Students—in college, or in high school—were likely keeping a close eye on what happened with President Biden’s plan to forgive student loans. The Supreme Court knocked that plan down several months ago, but the Biden administration did unveil a “plan B,” of sorts, in the form of the SAVE Plan.
Given that high school students turn into college students, and many college students are likely worried (or will be) about their student debts, knowing what the program is, and how it may apply to them, is important. As such, we wanted to give high school financial literacy course students, and their teachers, a rundown of the program.
The Biden Administration’s SAVE Plan
First of all, here’s President Biden announcing the plan:
As for the details, the SAVE Plan is an acronym: The Saving on a Valuable Education (SAVE) plan is the longer name. It’s a new type of income-driven repayment plan that will be administered by the Department of Education and was created under the Higher Education Act — which matters if you want to get into the legal nitty gritty of it all.
The plan is scheduled to go into effect on July 1, 2024. These are the main things students should know (per Fast Company):
- Loan balances will be forgiven after 10 years rather than 20 for borrowers with original balances of $12,000 or less.
- Income exemption will increase to 225% of the poverty line from 150%, so single earners earning less than $32,800 per year will not owe payments (or $67,500 for a family of four in most states).
- Undergraduate borrowers will see a reduction in the amount of discretionary income they need to pay each month, from 10% to 5%.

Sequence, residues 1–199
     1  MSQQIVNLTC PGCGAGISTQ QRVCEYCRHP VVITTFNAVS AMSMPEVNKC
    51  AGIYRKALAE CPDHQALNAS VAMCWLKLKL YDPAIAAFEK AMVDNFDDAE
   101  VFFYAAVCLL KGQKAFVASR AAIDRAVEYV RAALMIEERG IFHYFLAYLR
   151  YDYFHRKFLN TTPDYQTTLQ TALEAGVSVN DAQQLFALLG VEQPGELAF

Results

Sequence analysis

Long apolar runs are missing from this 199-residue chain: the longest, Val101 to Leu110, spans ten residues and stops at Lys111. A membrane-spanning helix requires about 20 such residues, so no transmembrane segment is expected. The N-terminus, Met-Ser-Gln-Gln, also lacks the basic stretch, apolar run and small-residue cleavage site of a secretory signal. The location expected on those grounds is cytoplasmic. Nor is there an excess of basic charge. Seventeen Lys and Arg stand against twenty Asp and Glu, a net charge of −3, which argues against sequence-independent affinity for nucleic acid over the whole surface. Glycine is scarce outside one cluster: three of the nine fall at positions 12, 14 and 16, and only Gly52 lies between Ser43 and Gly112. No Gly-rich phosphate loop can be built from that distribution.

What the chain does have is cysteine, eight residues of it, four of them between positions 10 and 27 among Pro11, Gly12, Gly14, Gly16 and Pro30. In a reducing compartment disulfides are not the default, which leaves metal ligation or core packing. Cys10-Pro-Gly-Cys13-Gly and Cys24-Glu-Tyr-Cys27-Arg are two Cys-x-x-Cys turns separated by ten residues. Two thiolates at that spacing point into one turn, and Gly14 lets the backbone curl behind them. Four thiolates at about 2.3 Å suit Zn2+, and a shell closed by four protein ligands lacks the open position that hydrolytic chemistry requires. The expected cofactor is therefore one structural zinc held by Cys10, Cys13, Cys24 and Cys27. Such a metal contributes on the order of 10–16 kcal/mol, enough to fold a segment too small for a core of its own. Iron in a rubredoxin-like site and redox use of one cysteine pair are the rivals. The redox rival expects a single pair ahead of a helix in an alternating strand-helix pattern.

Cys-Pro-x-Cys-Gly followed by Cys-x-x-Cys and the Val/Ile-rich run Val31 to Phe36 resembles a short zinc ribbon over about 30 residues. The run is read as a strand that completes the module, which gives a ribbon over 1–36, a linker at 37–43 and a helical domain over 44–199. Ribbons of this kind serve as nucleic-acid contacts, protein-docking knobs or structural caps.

- Borrowers won’t be charged unpaid monthly interest, meaning debt balances will not grow as long as borrowers continue to make monthly payments.
- All student borrowers with federally held loans are eligible to enroll in the plan starting this summer, and those enrolled in the REPAYE plan will be automatically enrolled into the SAVE plan when it’s up and running.
While the SAVE plan is not nearly as broad as Biden’s original plan, it can and likely will save many students a lot of money. But even with the plan, it’ll be up to students to tap into their financial literacy knowledge to make wise decisions with their money, develop a financial plan, and stick to it.
In other words, this isn’t a get-out-of-jail-free card. It’s a government program that may benefit some student borrowers in some way. With that in mind, it may be a good idea to recap the tenets of the Money Vehicle course, and give some thought as to how those concepts can be taught or applied in the context of student loans.
RECAP: The tenets of our financial literacy course for high schools
As a refresher, here are the core tenets of action from the Money Vehicle curriculum:
- Setting monthly and yearly Personal Finance Goals
- Quantifying how much their individual plan can put toward the future
- Setting up a Cash Management system
- Opening foundational bank accounts
- Starting credit history with a credit card
- Identifying a first investment through Index Funds
- Diagnosing ways to confirm coverage and lower your insurance costs
- Implement proactive ways to prevent cyber-attacks
- Synthesize the transaction from Gross to Net income and quantify Federal Income Tax liability
- Open a Roth IRA
Check out the Money Vehicle textbook — you can find it here on Amazon. And if you like what you see, you can get more content sent directly to your inbox! Sign up for the Money Vehicle Movement Newsletter!
And check out our white paper: “Strategies for Increasing Financial Literacy Rates Among High School and College Students”
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